chicago

A. Laurie Palmer, Sensing Connection to the Time Left (detail), 2018, fabric, thread, steel cable, hardware. Installation view. Photo: James Prinz.

A. Laurie Palmer

Iceberg Projects

A. Laurie Palmer, Sensing Connection to the Time Left (detail), 2018, fabric, thread, steel cable, hardware. Installation view. Photo: James Prinz.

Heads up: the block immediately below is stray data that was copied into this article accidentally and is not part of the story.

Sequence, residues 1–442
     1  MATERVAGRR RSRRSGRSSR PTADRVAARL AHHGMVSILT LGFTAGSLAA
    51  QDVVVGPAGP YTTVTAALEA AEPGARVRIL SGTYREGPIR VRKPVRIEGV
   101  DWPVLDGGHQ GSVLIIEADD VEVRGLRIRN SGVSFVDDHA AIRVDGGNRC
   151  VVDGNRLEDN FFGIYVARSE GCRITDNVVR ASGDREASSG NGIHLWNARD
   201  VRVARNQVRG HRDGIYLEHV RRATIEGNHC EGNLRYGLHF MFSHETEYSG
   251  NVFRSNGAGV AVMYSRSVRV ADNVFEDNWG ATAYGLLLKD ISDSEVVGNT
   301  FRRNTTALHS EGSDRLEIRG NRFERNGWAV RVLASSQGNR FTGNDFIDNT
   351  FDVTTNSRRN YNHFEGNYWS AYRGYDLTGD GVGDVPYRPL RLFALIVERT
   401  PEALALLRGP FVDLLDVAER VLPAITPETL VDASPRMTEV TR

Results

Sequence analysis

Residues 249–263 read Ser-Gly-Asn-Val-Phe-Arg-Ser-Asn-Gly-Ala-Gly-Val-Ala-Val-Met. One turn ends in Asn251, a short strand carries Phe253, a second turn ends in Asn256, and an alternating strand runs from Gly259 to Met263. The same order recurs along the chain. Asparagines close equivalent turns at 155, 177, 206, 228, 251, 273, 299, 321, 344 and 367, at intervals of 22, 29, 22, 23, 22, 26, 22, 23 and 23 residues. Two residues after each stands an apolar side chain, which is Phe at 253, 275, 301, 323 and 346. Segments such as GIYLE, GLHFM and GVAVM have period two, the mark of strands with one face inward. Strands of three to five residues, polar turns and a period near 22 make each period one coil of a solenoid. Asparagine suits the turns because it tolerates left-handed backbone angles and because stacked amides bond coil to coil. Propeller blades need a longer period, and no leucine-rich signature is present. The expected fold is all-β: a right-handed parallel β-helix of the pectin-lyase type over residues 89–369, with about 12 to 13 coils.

The Rogers Park community borders Evanston, Illinois, on Chicago’s far north side. In 1992, the collective Haha, comprised of artists A. Laurie Palmer, Wendy Jacob, John Ploof, and Richard House, initiated a project in a Rogers Park storefront that involved growing hydroponic vegetables and herbs for people with HIV. The project was called Flood. In addition to serving as a distribution point for meals and produce, the storefront functioned for three years as a hub for educational activities and alternative therapies. Not far from Flood’s former Greenleaf Street location is the noncommercial gallery Iceberg Projects. Founded in 2010, the space is located in a remodeled carriage house behind the home of Scott Wenthe and Daniel S. Berger, the latter a clinical associate professor at the University of Illinois College of Medicine who founded the largest private HIV treatment research

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